Swimming with the Sharks: Remembering Rob Stewart Two Years After His Death

On January 31st 2017, his body went missing; it was found February 3rd, lying peacefully on the ocean floor only feet from where he was last seen alive.

Toronto-born photographer, film-maker, marine biologist, and conservation activist Rob Stewart is no stranger to diving. The goal of the day is to catch a glimpse of a sawfish among the wreckage of the Queen of Nassau, a century-old Canadian steam ship that sank off the coast of Islamorada. Sawfish, also known as carpenter sharks, are strange-looking and massive -- imagine a flat, 20 foot-long shark with an 8 foot jigsaw blade attached to its head.

Like a great deal of other large marine creatures, they face dwindling numbers due to human factors such as novelty hunting, long-line fishing, ocean acidification, and pollution. They are also incredibly skittish fish. In order for Stewart to get the footage of the illusive sawfish for his upcoming documentary, Sharkwater: Extinction, they will have to dive over 230 feet deep with rebreathers, a silent scuba breathing apparatus that allows divers to go deeper for longer. While Stewart is an expert diver, it is one of his first times using a rebreather. Being unfamiliar with the equipment, Stewart turns to Florida native, scuba company owner, and ex-felon, Peter Sotis. Online, Sotis made claims that with his specialized equipment and instruction, divers could go up to 600 feet deep without atmospheric diving suits. Free divers are at risk of hypoxia at just 200 feet. Oceanic pressure can start to crush free divers at 500 feet.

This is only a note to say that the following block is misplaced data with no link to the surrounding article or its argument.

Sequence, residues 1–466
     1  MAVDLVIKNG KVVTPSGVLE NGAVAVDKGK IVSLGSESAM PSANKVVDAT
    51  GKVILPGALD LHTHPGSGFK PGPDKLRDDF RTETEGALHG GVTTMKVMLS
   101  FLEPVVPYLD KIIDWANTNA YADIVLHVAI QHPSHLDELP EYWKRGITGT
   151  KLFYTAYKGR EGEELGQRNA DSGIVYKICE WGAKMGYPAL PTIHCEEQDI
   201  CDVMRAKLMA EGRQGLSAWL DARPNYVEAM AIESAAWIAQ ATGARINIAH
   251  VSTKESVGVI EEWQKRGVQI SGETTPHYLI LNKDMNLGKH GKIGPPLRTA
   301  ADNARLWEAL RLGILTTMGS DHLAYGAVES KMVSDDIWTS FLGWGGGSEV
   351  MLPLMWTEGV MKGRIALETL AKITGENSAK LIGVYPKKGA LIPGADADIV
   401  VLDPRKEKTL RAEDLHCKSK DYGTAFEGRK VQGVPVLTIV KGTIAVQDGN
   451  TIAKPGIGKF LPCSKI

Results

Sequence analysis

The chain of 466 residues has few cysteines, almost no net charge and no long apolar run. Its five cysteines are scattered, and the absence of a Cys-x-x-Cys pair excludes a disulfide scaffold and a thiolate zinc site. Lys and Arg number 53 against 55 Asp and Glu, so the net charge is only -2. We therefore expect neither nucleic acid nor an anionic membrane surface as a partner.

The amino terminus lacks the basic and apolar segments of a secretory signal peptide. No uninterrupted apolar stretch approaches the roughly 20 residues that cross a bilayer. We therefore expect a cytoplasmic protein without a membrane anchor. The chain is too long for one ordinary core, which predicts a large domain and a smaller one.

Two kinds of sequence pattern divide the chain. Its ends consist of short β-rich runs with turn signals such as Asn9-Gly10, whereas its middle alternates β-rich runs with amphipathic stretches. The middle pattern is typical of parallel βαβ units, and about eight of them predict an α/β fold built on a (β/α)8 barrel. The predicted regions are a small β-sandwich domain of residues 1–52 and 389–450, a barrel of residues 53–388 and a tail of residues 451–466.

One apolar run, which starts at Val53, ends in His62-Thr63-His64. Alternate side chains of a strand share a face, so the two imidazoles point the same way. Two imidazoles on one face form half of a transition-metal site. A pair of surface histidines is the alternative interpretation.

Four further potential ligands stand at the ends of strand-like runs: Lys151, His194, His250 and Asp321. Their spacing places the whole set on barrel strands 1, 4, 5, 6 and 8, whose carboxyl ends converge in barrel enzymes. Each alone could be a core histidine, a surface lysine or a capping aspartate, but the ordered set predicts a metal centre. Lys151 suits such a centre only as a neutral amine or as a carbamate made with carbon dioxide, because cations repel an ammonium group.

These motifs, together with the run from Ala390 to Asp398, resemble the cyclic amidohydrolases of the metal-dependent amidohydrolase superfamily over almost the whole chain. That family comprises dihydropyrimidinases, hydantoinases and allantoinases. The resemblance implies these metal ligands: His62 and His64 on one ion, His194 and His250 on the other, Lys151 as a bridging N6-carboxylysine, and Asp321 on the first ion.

At this depth (230 feet), it’s typical to limit divers to one dive a day as not to risk decompression illness. Sotis and Stewart go on three dives on January 31st. From all three they resurface, but after their final dive, somehow Rob Stewart goes missing.

I first saw Sharkwater, Stewart’s debut documentary, in sixth grade on a snow day. I sat in a nearly empty classroom, happy to have a day away from the authority of my parents and the doldrum of schoolwork. Little did I expect to have my convictions shaken and values shifted.

One day on the ocean, while cutting sea creatures free from 60 miles worth of long-line baited hooks, Stewart remarked that while they were able to cut 130 sharks free they found over 600 sharks who had died while struggling to escape. The next day he bought a camera, two books on how to make movies, and set out to educate people on what was happening to the sharks he so dearly loved.

Some quick facts about sharks:

  • Sharks have evolved over 400 million years, appearing roughly 200 million years before dinosaurs.